If we’re honest, 24 hours in Athens is not nearly enough time to skim the surface of this stunning city that’s one of the oldest capitals in Europe. This short stay in Athens will have you clamouring for more but our suggested itinerary for your day-long stay is packed with history and great culinary and cultural experiences.
24 hours in Athens: Essential Stops
Start your day at Central Market (also known as the Varvakios Agora). The colourful market is a cornucopia of spices, fresh local produce, olives, cheeses, meat, fish and more. You may want to fuel up with a strong Greek coffee and a sweet pastry at one of the surrounding tavernas before engaging with some of the animated characters that make up the fabric of this energetic market. The fish vendors are especially vocal and try to outdo each other while shouting their daily catch. This is the place to stock up on some of that authentic Greek oregano to bring back home.
If there’s one historical sight not to be missed in Athens, it is the imposing Acropolis. The city was built around the monumental hill, which is visible from almost every angle. Summers in Athens can be brutal so start your day there before the sun gets too hot and the sight too crowded. Admire the many ancient ruins along your hike up the hill to the jewel on this ancient crown: the Parthenon. Dedicated to the goddess Athena, patron of Athens, and a great example of a Doric temple, the Parthenon was built between 447 and 438 BC. Over the years, it’s been converted into a church and a mosque and severely looted but conservation efforts have been ongoing for the past few decades.
When you’re done visiting the wonderful ancient treasures of the Acropolis, wind your way down the hill for some more at the new Acropolis Museum. The construction of this modern museum designed by Bernard Tschumi was completed in 2007. The contemporary building counts over 150,000 square feet of exhibition space and is striking in its contrast with the surrounding older buildings of Athens.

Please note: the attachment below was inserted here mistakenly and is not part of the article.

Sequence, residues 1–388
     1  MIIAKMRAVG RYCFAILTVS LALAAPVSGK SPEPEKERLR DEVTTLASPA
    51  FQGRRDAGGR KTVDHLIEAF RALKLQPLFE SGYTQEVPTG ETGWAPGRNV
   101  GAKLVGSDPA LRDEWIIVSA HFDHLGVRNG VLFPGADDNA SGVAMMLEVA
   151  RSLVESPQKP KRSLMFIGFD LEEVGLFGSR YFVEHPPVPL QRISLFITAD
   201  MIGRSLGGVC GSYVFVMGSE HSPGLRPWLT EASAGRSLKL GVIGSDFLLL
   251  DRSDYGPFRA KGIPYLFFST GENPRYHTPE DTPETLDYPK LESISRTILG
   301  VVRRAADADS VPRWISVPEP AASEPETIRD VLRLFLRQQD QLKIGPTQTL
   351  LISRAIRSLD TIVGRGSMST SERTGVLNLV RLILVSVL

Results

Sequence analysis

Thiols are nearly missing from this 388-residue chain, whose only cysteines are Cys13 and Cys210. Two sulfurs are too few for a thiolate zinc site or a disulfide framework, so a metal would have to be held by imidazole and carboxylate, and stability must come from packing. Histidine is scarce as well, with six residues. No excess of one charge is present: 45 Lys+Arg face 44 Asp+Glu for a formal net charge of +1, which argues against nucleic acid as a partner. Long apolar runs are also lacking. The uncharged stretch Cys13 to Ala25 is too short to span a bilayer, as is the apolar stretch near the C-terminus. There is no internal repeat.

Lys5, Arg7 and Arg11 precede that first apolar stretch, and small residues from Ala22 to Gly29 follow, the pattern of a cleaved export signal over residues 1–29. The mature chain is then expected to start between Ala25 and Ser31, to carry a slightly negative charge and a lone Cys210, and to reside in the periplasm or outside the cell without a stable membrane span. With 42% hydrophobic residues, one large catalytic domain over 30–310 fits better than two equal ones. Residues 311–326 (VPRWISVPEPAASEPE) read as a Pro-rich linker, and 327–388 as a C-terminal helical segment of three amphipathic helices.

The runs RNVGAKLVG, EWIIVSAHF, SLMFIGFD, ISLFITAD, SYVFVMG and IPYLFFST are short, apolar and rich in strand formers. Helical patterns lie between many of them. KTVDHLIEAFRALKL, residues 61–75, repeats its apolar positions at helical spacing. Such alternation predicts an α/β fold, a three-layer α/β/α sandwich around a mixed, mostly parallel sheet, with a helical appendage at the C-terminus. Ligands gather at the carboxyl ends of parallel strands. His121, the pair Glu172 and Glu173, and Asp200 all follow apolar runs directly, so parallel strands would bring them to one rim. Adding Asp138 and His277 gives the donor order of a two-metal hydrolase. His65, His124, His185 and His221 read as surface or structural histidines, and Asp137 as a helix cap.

Once you get out of the museum, stroll around the Plaka, Athens oldest neighbourhood built right on the slopes of the Acropolis. Grab a Greek coffee or a Gyro–the quintessential Greek street food–from one of the many cafés and bars spilling out onto the cobblestone streets. The Plaka area of Athens is very touristy but it’s a must see. If you’re looking for a more authentic culinary experience, grab a kebab, a Greek salad and a cold beer from Thanisis, a favourite among the locals.
Wander and get lost in the Plaka and emerge at Monastiraki Square and its world-famous flea market. Walk around the narrow alleys brimming with stores selling everything from clothes to cheap souvenirs, unique antiques, carpets and more. Exercise your haggling skills–almost a national pastime in Greece–even if you don’t intend on buying anything. Once all that excitement has gotten you hungry, head back towards Central Market to Diporto, one of Athens best kept secret. Open since 1887, this basement-level taverna is like stepping back in time. The cuisine is a simple and traditional one and the few available dishes are hearty and use seasonal produce. You may have to order with sign language since English-speaking staff is a scarcity but this is the most authentic meal you’ll have in Athens. Pair your meal with a glass (or two) of Retsina, a white wine infused with pine resin that’s been produced in Greece for over 2000 years.
After lunch, head to Kolonaki for a leisurely afternoon stroll. The chic neighbourhood is brimming with beautiful mansions, leafy parks, high-end boutiques and swanky cafés. If you have time, hike or take the cable car to the top of Lykavittos, the highest hill in town, for a breathtaking view of Athens and beyond.
Once aperitif o’clock comes around, you’re going to want to be on a rooftop terrasse to watch the sunset. The Hilton Hotel and Hotel Grande Bretagne are both great options. Sit back cocktail in hand and drink in the breathtaking view of the Acropolis at sun down, a moment you won’t soon forget. Take the time to linger for a while and work up an appetite. Athenians dine late and the night is still young.
Dinner options include Dionysos, a fine dining establishment with a breathtaking view of the Acropolis. For a more low-key, traditional meal, head to Tzitzikas & Mermigas where you can enjoy dishes like chicken fillet served in a “kadaifi” pastry nest and cuttlefish risotto. After dinner, head to Gazi, the newest and coolest hotspot in Athens. The former gasworks building was cleaned out and transformed into an industrial chic complex housing art galleries, cafés, bars and nightclubs. Athenians and tourists alike flock here to check out the latest art exhibit or dance the night away.
Use the metro to get around Athens. Not only is it the easiest and fastest way but you can start your discovery of Greece’s ancient treasures while underground. In fact, six of Athens metro stations include exhibits of ancient artefacts discovered while excavating the stations.
For longer visits:
During the summer months, get out of the city and head to one of the many beautiful beaches that surround Athens. Glyfada is one of Athens most affluent suburbs. The beaches are pristine and Archelon, the Sea Turtle Protection Society a favourite among visitors. Spend the evening shopping at some of the high-end shops that abound in Glyfada and dining at one of the many restaurants.